Chinese land reform: A world to turn upside down | The Economist

MORTGAGING a village home is a sensitive issue in China. A nervous local official has warned residents of Gumian, a small farming community set amid hills and paddies in Guangdong province, that they risk leaking state secrets if they talk to a foreign reporter about the new borrowing scheme that lets them make use of the value of their houses. They talk anyway; they are excited by what is going on.

Urban land in China is owned by the state, and in the 1990s the state allowed a flourishing property market to develop in the cities. That went on to become a colossal engine of economic growth. But rural land, though no longer farmed collectively, as it was in Mao’s disastrous “people’s communes”, has stayed under collective ownership overseen by local party bosses. Farmers are not allowed to buy or sell the land they work or the homes they live in. That hobbles the rural economy, and the opportunities of the farmers who have migrated to the cities but live as second-class citizens there.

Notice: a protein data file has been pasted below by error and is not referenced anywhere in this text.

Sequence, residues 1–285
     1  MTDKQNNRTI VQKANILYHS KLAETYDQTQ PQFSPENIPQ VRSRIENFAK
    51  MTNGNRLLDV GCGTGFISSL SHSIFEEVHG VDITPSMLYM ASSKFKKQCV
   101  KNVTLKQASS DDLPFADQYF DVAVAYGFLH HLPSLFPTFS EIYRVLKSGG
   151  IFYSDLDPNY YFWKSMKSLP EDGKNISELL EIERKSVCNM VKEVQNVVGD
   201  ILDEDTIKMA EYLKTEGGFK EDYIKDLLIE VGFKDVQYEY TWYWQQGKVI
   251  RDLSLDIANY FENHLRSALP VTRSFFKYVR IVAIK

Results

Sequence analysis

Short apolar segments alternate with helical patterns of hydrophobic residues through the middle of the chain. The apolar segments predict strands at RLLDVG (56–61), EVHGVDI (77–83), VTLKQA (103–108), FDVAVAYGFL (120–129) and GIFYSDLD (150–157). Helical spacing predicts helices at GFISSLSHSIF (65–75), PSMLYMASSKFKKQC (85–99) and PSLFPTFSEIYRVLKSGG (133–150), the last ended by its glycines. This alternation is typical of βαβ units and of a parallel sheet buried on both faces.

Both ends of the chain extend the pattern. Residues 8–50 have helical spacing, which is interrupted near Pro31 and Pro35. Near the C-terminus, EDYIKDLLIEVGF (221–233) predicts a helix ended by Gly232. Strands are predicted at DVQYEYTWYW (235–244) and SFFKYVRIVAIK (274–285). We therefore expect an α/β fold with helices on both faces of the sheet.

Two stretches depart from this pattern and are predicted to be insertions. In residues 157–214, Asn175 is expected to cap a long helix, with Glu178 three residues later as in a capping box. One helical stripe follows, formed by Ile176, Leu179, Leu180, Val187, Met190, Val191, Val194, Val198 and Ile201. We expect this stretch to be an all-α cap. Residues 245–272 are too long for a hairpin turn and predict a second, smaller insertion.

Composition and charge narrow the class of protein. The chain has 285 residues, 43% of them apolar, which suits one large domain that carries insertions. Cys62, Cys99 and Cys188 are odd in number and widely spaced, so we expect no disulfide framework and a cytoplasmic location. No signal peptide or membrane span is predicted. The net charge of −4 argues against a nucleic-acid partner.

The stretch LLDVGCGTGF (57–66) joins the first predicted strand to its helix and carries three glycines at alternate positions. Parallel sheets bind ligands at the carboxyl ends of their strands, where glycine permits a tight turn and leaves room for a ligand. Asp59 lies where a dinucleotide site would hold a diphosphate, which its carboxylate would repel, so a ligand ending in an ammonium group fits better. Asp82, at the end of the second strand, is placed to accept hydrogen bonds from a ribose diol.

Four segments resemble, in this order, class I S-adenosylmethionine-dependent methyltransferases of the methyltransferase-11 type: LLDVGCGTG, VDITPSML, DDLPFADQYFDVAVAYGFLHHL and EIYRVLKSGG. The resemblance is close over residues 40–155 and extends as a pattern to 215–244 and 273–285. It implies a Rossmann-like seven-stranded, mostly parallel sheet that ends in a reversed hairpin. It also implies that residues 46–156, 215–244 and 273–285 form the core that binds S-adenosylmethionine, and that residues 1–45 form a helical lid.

Hence the importance of experiments like those in Gumian. Cautious and piecemeal, they have been going on for years. Some are ripe for scaling up. Handled correctly, such an expansion could become a centrepiece of Xi Jinping’s rule.

On October 7th Mr Xi said the government was drawing up a “master plan” for not just more reform, but a “profound revolution”. Such talk is part of the preparations for a plenum of the Communist Party’s Central Committee which will begin on November 9th. It is the third such meeting since Mr Xi came to power; because the first two plenums of a party chief’s term are given over largely to housekeeping matters, including party and government appointments, third plenums are the ones to watch.

And Mr Xi is marking this one out as particularly important. In private conversations with Western leaders he has been comparing the event to the third plenum that, in 1978, saw Deng Xiaoping’s emergence as China’s new strongman after the death of Mao two years earlier, and set the stage for the demise of the people’s communes. Indeed “profound revolution” is a deliberate echo of a phrase of Deng’s.

via Chinese land reform: A world to turn upside down | The Economist.

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